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WHO Report Prompts Greens Call For Cell Phone Health Warning

Contributor:
Voxy Newswire
Voxy Newswire
WHO Report Prompts Greens Call For Cell Phone Health Warning

The Green Party has called for cell phone health warnings after a World Health Organization (WHO) study found they could cause an increase in the risk of a malignant type of brain cancer.

Green Party MP Sue Kedgley said she would like to see labelling information on how much radiation cell phones emit on all cell phone packaging and advertising, and warnings about the risk of long term cell phone use.

The WHO study classified radiofrequency electromagnetic fields as possibly carcinogenic to humans, or in Group 2B by its classification system. Group 2B also includes lead and gasoline.

Ms Kedgley said New Zealanders were one of the highest users of mobile phones in the OECD, and most people were oblivious to potential health risks from long term use.

“Millions of New Zealanders use mobile phones, so we need to take a precautionary approach and seek to reduce our exposure to the radiation they emit wherever possible,” said Ms Kedgley.

“Cell phone technology is too new to know whether it could be damaging, but the signs aren’t good. When so many people are using them, we need to know the potential risk to our health because we have a right to know what we’re gambling with.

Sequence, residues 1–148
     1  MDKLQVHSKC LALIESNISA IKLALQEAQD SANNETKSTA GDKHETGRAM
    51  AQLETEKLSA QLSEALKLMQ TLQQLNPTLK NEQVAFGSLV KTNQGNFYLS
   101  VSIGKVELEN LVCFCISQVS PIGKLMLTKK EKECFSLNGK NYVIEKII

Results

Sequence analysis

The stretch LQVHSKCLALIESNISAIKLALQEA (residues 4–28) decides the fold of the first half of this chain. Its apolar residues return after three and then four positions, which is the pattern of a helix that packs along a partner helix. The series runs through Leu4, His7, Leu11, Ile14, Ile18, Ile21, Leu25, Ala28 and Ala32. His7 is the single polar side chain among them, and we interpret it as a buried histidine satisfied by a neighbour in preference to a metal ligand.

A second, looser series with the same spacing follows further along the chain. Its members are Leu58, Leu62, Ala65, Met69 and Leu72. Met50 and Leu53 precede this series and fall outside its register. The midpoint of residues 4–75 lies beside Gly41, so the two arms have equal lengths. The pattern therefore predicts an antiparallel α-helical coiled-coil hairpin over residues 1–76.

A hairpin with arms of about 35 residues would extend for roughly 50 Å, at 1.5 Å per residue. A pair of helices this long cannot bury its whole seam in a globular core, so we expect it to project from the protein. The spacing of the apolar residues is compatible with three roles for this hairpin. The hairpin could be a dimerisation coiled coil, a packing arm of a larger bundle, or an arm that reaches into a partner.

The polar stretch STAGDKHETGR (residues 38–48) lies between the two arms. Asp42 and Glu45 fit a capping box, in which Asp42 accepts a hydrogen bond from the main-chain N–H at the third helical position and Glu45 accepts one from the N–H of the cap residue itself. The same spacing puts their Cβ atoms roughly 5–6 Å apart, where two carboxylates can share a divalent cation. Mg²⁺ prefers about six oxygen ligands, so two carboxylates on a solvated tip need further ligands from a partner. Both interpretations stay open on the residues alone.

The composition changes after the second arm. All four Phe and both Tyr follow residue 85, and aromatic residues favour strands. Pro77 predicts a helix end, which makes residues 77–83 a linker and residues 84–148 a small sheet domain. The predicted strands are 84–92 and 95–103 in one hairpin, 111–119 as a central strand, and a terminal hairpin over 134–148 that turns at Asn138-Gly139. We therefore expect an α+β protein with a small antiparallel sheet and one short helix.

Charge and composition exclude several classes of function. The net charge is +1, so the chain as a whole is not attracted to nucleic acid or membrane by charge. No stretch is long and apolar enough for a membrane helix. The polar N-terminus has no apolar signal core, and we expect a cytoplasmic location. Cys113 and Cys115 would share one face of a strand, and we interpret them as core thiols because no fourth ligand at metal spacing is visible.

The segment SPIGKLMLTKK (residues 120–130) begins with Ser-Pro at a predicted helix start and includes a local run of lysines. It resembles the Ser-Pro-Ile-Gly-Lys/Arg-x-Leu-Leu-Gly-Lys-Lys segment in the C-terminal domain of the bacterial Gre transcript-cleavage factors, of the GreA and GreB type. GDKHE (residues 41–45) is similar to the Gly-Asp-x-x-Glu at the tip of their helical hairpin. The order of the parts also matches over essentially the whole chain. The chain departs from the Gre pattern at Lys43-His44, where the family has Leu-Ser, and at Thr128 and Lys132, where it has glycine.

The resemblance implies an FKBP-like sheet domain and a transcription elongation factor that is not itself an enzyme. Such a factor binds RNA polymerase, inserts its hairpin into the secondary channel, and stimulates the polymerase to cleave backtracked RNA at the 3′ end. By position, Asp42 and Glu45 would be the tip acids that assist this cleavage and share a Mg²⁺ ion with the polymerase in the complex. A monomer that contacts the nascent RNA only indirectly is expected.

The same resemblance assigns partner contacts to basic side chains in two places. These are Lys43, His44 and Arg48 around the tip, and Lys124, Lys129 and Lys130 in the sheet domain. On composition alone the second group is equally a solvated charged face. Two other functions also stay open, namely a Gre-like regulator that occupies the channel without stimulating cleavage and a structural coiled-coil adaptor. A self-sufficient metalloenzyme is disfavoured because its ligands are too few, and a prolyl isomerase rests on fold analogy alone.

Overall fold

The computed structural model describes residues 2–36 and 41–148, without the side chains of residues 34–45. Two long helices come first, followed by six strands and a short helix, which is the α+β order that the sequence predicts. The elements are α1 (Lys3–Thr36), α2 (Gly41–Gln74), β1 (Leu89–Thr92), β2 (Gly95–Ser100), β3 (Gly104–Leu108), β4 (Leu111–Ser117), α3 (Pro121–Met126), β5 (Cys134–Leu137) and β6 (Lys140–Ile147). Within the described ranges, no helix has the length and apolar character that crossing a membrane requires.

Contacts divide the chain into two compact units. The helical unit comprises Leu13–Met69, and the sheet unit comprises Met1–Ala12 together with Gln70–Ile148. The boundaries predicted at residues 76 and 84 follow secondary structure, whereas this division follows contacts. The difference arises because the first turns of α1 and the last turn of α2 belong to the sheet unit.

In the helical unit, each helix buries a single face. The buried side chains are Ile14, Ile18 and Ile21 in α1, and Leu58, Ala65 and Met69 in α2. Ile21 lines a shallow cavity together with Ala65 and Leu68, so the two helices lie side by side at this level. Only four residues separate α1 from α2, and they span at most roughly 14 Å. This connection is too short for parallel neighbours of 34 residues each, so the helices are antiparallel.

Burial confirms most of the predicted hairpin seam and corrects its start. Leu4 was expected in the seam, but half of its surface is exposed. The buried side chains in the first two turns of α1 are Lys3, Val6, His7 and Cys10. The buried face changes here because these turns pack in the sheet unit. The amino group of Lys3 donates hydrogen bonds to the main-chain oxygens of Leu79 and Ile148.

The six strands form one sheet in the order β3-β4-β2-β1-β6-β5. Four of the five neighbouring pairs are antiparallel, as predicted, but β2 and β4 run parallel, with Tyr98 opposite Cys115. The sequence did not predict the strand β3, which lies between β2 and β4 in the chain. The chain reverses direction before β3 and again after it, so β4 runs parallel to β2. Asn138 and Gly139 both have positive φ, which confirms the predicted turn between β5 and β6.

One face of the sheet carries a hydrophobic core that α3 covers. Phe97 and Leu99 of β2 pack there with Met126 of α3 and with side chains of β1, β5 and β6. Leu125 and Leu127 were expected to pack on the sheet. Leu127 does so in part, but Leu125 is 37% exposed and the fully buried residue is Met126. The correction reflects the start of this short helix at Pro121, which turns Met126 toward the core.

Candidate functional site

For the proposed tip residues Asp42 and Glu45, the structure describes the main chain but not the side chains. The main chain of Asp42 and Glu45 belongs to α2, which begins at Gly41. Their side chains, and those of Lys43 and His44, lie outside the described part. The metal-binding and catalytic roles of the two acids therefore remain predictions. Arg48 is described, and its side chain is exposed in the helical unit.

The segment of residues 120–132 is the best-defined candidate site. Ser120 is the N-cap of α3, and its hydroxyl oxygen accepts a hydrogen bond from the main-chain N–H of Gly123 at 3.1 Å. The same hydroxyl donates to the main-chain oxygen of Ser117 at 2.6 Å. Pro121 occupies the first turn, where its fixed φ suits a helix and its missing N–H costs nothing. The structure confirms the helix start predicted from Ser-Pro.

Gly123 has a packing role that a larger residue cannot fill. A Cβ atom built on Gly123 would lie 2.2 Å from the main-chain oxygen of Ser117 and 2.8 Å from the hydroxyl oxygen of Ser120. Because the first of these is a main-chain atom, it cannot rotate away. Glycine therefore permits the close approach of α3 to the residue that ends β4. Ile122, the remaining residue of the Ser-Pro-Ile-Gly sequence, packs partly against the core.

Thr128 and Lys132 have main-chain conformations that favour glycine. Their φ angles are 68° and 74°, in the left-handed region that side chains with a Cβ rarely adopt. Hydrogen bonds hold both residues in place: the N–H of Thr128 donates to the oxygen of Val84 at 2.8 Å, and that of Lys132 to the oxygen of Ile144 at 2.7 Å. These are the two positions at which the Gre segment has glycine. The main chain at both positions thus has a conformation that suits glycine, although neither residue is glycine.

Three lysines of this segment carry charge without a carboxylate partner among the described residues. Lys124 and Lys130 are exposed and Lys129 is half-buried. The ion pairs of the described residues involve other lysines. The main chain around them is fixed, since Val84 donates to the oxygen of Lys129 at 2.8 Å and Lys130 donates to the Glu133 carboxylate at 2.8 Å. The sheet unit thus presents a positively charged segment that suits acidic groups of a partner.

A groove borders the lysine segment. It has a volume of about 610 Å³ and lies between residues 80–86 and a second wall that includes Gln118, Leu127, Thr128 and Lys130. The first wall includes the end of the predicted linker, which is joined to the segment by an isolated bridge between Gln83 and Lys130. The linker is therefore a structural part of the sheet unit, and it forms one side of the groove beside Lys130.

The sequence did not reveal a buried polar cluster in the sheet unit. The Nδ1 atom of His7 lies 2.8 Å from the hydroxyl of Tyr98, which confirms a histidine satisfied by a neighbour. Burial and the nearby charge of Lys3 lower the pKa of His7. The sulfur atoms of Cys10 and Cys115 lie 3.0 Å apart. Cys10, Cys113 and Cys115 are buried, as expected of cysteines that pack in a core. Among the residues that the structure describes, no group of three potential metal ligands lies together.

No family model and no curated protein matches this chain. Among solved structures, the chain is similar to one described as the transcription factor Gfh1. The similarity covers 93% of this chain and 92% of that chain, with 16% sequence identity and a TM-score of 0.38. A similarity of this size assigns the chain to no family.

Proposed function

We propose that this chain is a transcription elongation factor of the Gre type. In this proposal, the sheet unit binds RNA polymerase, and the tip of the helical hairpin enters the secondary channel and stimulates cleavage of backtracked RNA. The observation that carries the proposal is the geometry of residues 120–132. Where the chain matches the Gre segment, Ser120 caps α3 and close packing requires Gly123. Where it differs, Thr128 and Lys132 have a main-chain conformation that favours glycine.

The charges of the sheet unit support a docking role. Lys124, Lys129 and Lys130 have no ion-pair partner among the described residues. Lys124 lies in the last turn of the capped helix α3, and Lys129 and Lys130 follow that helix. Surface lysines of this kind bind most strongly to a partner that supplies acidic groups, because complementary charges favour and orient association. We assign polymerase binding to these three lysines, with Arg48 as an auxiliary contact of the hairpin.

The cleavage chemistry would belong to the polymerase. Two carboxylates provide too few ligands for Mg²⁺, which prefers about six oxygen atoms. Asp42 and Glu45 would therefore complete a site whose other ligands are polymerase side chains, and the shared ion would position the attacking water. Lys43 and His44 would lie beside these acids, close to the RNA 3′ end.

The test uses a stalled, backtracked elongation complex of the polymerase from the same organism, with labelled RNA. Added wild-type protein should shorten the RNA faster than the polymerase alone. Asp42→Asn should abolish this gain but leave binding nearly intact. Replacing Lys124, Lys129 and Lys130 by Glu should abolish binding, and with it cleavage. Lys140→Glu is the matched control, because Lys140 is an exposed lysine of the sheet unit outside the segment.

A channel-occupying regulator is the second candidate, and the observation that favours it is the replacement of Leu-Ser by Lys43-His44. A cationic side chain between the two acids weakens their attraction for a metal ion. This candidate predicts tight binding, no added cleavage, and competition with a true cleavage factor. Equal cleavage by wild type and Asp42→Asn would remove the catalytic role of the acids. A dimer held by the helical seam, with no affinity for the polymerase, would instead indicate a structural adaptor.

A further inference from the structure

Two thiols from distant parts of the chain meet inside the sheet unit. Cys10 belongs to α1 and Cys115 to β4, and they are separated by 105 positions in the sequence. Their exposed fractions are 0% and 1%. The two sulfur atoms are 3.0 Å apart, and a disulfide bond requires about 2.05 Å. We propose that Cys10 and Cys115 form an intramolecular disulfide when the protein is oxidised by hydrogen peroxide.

“Imagine if we’d wisened up to the risks of smoking cigarettes earlier. Many lives would have been saved and the money we put into health care could have been better spent.”

The Green Party wants cell phone packaging to display the device’s Specific Absorption Rate — the level of electromagnetic radiation that could be absorbed by the body — and is also advocating for New Zealand’s radiation standard to be reviewed.

“The Government and telecommunications companies also need to provide information on how to lower the risks associated with high phone use,” Ms Kedgley said.

The new research was conducted by the International Agency for Research on Cancer, a WHO subsidiary, and was worked on by a group of 31 scientists from 14 countries. 

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